Hello, Ariel Atias.

They say he likes suits more expensive than Versace's, but he claims he's only had two suits in his whole life. He still drives an ancient Skoda because the Volvo they offer brand-new ministers seems too ostentatious to him. He's 35 years old and his previous position was general manager of the Beit Yosef rabbinical court. When the Shas council of sages decided to nominate him as a minister, Rabbi Ovadia Yosef summoned him and warned him to "adhere to the law in all things".

We may assume that Israel's tycoons and media people assiduously read the profile that Shahar Ilan wrote of Atias in Haaretz yesterday. They probably needed the information: until a month ago nobody had ever heard of the man.

Since Atias is a new quality in the media and business spheres, we would like to offer the brand-new minister some ideas.

Mr Atias, even though you are a complete tyro on communications matters, you have a great starting point. Since Limor Livnat, communications ministers have been one of two types: the ones frozen into inaction by the tycoons and the powerful Bezeq union, and the ones spending their time groveling before the media barons.

You could be the first who has focuses his attention on consumers.

◊ The bread subsidy makes headlines, but bread is a mere iota in the consumption basket. Even among the very poor, communications services are eating up more and more of the disposable income of households. The war over bread prices is sexy, but attacking the prices the cellular operators charge would contribute far more to the people Shas says it wants to help.

◊ Tell the Apax-Saban group that appointed Dov Weisglass to chair Bezeq for NIS 3 million a year though he has zero experience in managing giant companies, that they're wasting their money. The group thinks Weisglass can wield influence over the prime minister's bureau and various ministries, and reflect inconvenient regulation. Preempt them: advise them you won't meet with Weisglass as long as he's an insider of the Prime Minister's Office and the ministers. You'll only meet with professionals.

◊ Summon Stella Handler, the CEO of Golden Lines, and tell her you're giving her permission to compete with Bezeq in the domestic communications market, using voice over Internet technology (you do know what that is by now, right? If not, this is the time to learn). A license for Golden Lines has been held up forever for no obvious reason, other than the desire of previous communications ministers to avoid a confrontation with Bezeq.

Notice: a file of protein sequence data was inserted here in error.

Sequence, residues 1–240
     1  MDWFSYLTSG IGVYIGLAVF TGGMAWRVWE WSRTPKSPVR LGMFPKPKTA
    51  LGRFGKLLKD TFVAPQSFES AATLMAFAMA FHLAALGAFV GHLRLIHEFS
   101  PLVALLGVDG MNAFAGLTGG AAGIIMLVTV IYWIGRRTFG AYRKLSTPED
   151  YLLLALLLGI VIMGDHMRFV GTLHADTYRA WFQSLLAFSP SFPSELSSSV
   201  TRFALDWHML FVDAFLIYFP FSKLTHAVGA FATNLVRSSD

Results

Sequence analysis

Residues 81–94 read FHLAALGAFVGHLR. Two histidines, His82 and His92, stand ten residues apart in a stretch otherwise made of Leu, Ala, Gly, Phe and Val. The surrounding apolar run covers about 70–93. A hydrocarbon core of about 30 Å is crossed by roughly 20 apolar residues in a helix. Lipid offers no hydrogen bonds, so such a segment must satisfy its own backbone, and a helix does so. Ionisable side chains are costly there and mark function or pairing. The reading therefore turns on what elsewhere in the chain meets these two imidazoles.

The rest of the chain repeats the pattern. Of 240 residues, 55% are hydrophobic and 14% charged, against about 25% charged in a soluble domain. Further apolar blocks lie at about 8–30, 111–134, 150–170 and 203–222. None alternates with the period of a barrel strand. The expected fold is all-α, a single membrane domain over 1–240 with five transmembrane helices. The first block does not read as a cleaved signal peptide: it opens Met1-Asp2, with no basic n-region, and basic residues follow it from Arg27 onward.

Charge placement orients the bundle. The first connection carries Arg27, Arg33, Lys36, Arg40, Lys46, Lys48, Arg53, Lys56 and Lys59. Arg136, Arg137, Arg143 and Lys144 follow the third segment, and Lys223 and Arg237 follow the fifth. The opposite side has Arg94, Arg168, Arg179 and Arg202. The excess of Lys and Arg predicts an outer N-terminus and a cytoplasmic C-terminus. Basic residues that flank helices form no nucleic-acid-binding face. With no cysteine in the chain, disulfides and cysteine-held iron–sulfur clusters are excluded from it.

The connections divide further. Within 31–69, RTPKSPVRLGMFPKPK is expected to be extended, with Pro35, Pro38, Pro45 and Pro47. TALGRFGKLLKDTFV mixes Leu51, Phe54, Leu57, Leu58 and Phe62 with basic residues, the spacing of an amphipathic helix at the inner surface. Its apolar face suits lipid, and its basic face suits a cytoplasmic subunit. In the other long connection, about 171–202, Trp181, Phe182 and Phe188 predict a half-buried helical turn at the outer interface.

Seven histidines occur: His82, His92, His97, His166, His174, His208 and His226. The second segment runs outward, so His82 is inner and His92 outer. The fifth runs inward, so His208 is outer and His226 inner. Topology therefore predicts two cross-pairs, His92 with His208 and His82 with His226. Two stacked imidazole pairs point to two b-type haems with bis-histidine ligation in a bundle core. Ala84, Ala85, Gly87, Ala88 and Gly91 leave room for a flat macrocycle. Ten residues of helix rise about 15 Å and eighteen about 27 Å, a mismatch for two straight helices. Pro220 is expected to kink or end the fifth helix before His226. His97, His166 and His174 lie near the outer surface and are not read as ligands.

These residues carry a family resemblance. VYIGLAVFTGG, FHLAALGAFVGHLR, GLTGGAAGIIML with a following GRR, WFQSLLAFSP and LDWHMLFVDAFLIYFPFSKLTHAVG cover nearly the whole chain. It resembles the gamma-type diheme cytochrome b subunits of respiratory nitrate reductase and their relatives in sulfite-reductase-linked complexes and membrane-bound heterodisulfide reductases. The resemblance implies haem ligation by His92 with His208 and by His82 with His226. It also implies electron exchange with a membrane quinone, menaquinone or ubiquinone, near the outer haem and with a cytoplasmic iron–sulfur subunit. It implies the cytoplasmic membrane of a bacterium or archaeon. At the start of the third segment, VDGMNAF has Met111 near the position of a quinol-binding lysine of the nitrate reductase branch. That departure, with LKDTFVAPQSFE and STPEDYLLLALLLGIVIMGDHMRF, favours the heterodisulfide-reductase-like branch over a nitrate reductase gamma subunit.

All three of Israel's big communications companies have highly dominant owners, with links and ties high up in government. Cellcom has Nochi Dankner, Bezeq has Haim Saban. Golden Lines has Eliezer Fishman, but right now he's vacationing in Turkey.

◊ Wave goodbye to Communications Ministry director-general Avi Balashnikov and thank your lucky stars that he decided to relieve you of one decision before you even sat down. He is a bureaucrat who excelled mainly at hopping from one minister to another but who never did manage to consolidate a clear strategy for the communications sector. His main strategy was to delay, delay and then delay some more, to avoid clashing with the rich and powerful media barons. Go find yourself an expert who wants to leave his mark on the market, and who is not fixating on his next job with the people he's supposed to be supervising.

◊ Remember that the biggest achievement you can mark up as communications minister is abolishing the Communications Ministry entirely It should be replaced by an apolitical authority, which is how things are run in the normal world. The government resolved to abolish it more than two years ago, but then Ehud Olmert took over the ministry and he is not the man to forgo the power that the portfolio gave him in the business world. He shelved the idea and it dropped from the agenda. Ariel Atias, put it back. And if you do, you will go down in history as Israel's first minister who placed the general good first, not himself.